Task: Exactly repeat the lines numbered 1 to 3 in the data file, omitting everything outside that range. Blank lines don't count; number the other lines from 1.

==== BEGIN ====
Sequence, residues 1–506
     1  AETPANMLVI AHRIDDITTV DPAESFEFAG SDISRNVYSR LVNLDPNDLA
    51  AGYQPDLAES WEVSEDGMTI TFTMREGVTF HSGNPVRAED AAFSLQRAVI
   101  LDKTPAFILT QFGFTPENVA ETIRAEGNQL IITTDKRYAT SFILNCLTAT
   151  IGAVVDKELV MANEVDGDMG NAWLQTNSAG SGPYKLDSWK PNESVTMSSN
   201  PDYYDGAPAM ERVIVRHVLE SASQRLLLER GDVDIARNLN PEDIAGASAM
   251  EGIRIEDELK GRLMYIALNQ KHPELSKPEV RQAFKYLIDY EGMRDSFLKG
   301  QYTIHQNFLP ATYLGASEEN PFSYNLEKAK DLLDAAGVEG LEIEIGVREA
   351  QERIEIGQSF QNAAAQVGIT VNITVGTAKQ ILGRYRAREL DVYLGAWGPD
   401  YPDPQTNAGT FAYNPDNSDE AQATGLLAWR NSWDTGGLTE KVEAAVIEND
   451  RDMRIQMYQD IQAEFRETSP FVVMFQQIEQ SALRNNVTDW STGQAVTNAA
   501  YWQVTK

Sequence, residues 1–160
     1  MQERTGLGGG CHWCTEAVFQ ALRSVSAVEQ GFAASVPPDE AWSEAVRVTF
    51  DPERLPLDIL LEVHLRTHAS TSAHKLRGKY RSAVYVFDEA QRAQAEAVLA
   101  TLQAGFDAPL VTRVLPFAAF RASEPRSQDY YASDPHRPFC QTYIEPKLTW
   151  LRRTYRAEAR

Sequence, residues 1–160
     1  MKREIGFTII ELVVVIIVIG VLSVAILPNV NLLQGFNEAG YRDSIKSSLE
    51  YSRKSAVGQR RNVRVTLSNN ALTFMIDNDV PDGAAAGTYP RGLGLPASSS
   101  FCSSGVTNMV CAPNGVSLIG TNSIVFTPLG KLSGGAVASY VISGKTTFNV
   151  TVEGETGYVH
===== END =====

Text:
Sequence, residues 1–506
     1  AETPANMLVI AHRIDDITTV DPAESFEFAG SDISRNVYSR LVNLDPNDLA
    51  AGYQPDLAES WEVSEDGMTI TFTMREGVTF HSGNPVRAED AAFSLQRAVI